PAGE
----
# LTspice simulation doesn't agree with predicted transfer function

I am trying to create an integrator in LTspice that I will use as a subcircuit in a signal chain later, but can't get the simulation results to agree with my theoretical calculations. I derived the following transfer function:

$$H(s)=\frac{R_2}{R_{1}R_{2}Cs+R_{1}}$$

When I used MATLAB linear simulator to test the response of this transfer function to a 5 Hz square wave, I got the expected result: a triangle wave at steady state. However, LTspice would not cooperate.

This looks almost like a differentiator. I double and triple checked to make sure I had the transfer function right. I also built the physical circuit, and measured a triangle wave output at steady state. Can someone help me make my LTspice simulation produce the desired results?

I'm somewhat of a noob with LTspice so I apologize if I left out any important information needed to diagnose the problem.

• It is acting like Vcc and Vee aren't hooked up. LTSpice may need a bit of wire between the terminals of a part and the supplies -- I wouldn't know, because for stylistic reasons I always do this. Try moving the Vee and Vcc flags over, wire them up, and give it a whirl. Dec 22, 2020 at 3:57

The standard form for your transfer function is:

$$G_s=K\frac{\omega_{_0}}{s+\omega_{_0}}$$

where voltage gain $$\K=-\frac{R_2}{R_1}\$$ and $$\\omega_{_0}=\frac1{R_2\,C_1}\$$. This is a low-pass filter with voltage gain $$\K=-2.7\$$ and $$\\omega_{_0}\approx 3.704\:\frac{\text{rad}}{\text{s}}\$$ or $$\f_{_0}\approx 589.5\:\text{mHz}\$$.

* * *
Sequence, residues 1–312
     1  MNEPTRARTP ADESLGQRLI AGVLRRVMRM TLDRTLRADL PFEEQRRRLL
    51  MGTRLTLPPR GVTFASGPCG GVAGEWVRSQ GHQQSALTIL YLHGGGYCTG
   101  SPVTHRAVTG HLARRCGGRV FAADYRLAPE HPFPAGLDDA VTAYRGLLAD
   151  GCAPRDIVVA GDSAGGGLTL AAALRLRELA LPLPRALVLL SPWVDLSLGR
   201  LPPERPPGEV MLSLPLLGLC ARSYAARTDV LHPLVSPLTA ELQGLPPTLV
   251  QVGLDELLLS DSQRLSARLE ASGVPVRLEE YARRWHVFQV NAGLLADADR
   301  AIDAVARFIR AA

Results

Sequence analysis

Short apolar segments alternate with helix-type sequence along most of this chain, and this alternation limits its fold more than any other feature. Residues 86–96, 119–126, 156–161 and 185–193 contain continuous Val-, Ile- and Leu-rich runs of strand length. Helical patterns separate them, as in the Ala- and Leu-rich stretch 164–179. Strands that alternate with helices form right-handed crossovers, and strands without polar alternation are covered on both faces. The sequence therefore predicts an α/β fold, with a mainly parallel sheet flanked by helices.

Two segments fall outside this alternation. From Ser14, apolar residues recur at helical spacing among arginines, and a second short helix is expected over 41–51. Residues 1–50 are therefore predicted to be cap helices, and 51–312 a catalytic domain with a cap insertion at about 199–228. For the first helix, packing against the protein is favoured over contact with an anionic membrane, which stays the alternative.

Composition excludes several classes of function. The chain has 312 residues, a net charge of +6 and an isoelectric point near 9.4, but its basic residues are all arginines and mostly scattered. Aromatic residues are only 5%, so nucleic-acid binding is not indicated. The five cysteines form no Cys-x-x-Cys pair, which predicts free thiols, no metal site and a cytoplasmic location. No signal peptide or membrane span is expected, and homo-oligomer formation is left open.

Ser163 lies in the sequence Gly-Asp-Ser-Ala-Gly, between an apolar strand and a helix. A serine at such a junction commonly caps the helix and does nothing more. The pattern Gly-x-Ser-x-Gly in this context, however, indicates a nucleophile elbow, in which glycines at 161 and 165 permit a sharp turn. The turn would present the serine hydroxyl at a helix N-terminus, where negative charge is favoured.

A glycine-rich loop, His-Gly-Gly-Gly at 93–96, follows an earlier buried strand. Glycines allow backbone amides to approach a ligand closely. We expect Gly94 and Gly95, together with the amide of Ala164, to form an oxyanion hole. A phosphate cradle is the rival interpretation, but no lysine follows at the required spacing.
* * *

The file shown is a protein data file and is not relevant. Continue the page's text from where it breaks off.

From this, I'd expect integrator behavior, not differential. In particular, I'd expect an upward ramp followed by a downward ramp, etc. So it should look like a triangle wave at the output.

If you center your square-wave around $$\0\:\text{V}\$$ (which you didn't do), then you'd expect to see a charging current of about $$\\frac{\pm 4.5\:\text{V}}{1\:\text{k}\Omega}=\pm4.5\:\text{mA}\$$. At $$\100\:\text{ms}\$$ per half-cycle, this works out to $$\\Delta\,V=\frac{4.5\:\text{mA}}{100\:\mu\text{F}}\cdot 100\:\text{ms}=4.5\:\text{V}\$$. So that should be the peak-to-peak for your triangle, assuming you center your square-wave. (The triangle wave will also be centered around $$\0\:\text{V}\$$, given a little bit of time to "settle-in.")

With the square-wave you have, I'd expect to see the same triangle-wave (given enough time to settle-in, with the integrating capacitor developing a net quiescent charge), but the average value is now the voltage gain times the input average voltage, or $$\-2.7\cdot 4.5\:\text{V}=-12.15\:\text{V}\$$. For that, you'll need an opamp that preferably has rail-to-rail output and use a $$\V_\text{EE}=-15\:\text{V}\$$.

Let's perform a run in LTspice using $$\\pm 15\:\text{V}\$$ supply rails and an opamp whose output is close to rail-to-rail, the LT1800:

Just as predicted.

You have supplied the opamp with a +9 V rail only, then given it a 9 V input when it has -2.7x gain. It will not be able to drive the output negative.

To get things working

• Supply the opamp with +/- 15 Volts.

• Reduce your input signal to 1 V amplitude.

Then play with the amplifier supply and signal amplitude while you explore what input common mode range and output swing means for that opamp. Hint, it's not a rail-to-rail opamp.